If you are in the business of selling Bullshit, the first thing you need to have is a bull to provide you with the shit. For instance, the Kenyan Government is the bull, and their explanations (read excuses) as to why we are faced by food, water and energy crises is the shit. Dr. Alfred Mutua just happens to be the conduit through which that bullshit passes. He is what some of you call an ass. But here was KPLC launching something in the middle of a crippling power blackout. Just to mock the whole thing, I would urge people to test it by first demanding that they respond to the power shortage within 24 hours because that is the onus of the whole initiative. My take was simple. Give me the electricity first and then I will give you something to respond to. But that then begged another question. Why was it they are launching a response unit whereas a better strategy would be forethought? We all knew that the rains would fail. We all know that we are the second largest geothermal energy reserve in the world. Then why are we acting like this could not have been prevented? These are the questions I raised in my blog post.

After posting that post, there was a comment by an angry reader that really shocked me. He started by saying that there I go with the “entitlement mentality” again. He then insulted me and even suggested that I use my urine to run the turbines (which was really funny). But I was quite sad at his ignorance which he probably sought to cover up by his plethora of diatribes. His take was that the blue skies above were no fault of the government and that people like me had nothing better to do than complain because of this entitlement mentality. I did not need to reply to that because there were five quick responses by other readers that put him in his place. One reader said that we pay taxes and that entitles us to demand for certain things. Another said that he had been given a bill of a million KES for a rural electrification project to his home. You can imagine coughing up such an amount of money only to be told that you still have to use that solar panel because of rationing. I said I would not respond to his attack but his accusing me of an entitlement mentality is something that I simply could not shake off. This is a whole debate in itself but one which I am forced to start here.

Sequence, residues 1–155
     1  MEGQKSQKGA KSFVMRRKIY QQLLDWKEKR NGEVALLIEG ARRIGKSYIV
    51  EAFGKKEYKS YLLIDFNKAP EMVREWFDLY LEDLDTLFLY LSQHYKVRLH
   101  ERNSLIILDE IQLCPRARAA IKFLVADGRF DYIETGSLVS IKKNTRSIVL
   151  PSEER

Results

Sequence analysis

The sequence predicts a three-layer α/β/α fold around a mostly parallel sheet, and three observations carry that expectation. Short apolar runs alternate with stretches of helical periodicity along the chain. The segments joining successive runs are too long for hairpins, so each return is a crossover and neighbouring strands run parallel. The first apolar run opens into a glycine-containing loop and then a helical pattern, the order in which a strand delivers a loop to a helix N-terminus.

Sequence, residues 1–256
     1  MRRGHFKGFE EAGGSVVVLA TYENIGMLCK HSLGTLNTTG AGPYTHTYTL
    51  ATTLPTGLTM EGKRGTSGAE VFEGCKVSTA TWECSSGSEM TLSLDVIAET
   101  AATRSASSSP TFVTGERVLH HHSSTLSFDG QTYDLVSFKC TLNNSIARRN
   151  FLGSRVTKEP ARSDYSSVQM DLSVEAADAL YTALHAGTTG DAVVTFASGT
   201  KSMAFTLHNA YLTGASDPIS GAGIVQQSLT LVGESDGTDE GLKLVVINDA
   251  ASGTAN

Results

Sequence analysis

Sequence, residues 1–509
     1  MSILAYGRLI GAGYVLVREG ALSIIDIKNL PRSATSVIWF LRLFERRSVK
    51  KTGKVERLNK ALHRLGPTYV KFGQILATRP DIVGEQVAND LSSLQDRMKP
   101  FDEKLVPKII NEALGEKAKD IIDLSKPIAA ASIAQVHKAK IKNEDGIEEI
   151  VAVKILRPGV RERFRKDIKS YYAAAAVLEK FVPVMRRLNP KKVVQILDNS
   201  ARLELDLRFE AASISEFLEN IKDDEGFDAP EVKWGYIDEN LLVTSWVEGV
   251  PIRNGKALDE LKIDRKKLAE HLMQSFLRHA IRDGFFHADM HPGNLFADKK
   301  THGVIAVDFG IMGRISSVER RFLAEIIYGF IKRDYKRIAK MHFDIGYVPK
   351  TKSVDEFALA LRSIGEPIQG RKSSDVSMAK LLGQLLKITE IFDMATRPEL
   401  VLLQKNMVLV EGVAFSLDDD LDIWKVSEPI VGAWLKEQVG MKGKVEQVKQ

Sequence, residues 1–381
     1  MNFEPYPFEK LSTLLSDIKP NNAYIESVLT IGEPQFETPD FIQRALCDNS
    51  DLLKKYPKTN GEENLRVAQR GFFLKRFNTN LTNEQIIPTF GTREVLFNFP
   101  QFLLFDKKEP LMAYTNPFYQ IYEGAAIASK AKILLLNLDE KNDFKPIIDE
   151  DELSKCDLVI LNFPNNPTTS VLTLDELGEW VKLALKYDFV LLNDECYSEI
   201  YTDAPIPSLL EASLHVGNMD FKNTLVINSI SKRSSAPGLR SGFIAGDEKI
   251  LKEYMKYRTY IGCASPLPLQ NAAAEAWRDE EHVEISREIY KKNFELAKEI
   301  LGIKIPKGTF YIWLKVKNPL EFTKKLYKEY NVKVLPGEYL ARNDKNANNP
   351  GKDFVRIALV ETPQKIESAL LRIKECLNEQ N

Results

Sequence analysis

Article 21 of the Universal Declaration of Human Rights reads in part that “Everyone has the right to equal access to public service in his country.”

The problem in Kenya today is that things as far as public service goes have never worked and those that initially did have not worked in so long that people have forgotten that we are entitled to them. We have become so conditioned to expecting nothing from the government in this country. Article 21 also says that “the will of the people shall be the basis of the authority of government…” What will? If anything, we have been reduced to begging the government and hence the now famous phrase across the whole country, “Tunaomba serikali….” It hurts me to hear that. Ideally, in the scheme of things, we are the masters and the government the servant. I refuse to beg and so I demand. At times I am forced to exaggerate in my writing just to force people out of their comfort zones. Instead of “Tunaomba serikali,” I demand because that is my democratic right. When Dr. Mutua insults me, I won’t lose sleep over it because that is his job description. But when it is by a fellow Kenyan mwananchi; the one sitting with me in that cyber inhaling diesel fumes because there is no electricity, the one whose salon is operating at half capacity because she can now only braid hair, the one who is like me in struggling to work around this rationing just to make enough buy water and food which are both subjects of another crises, it hurts.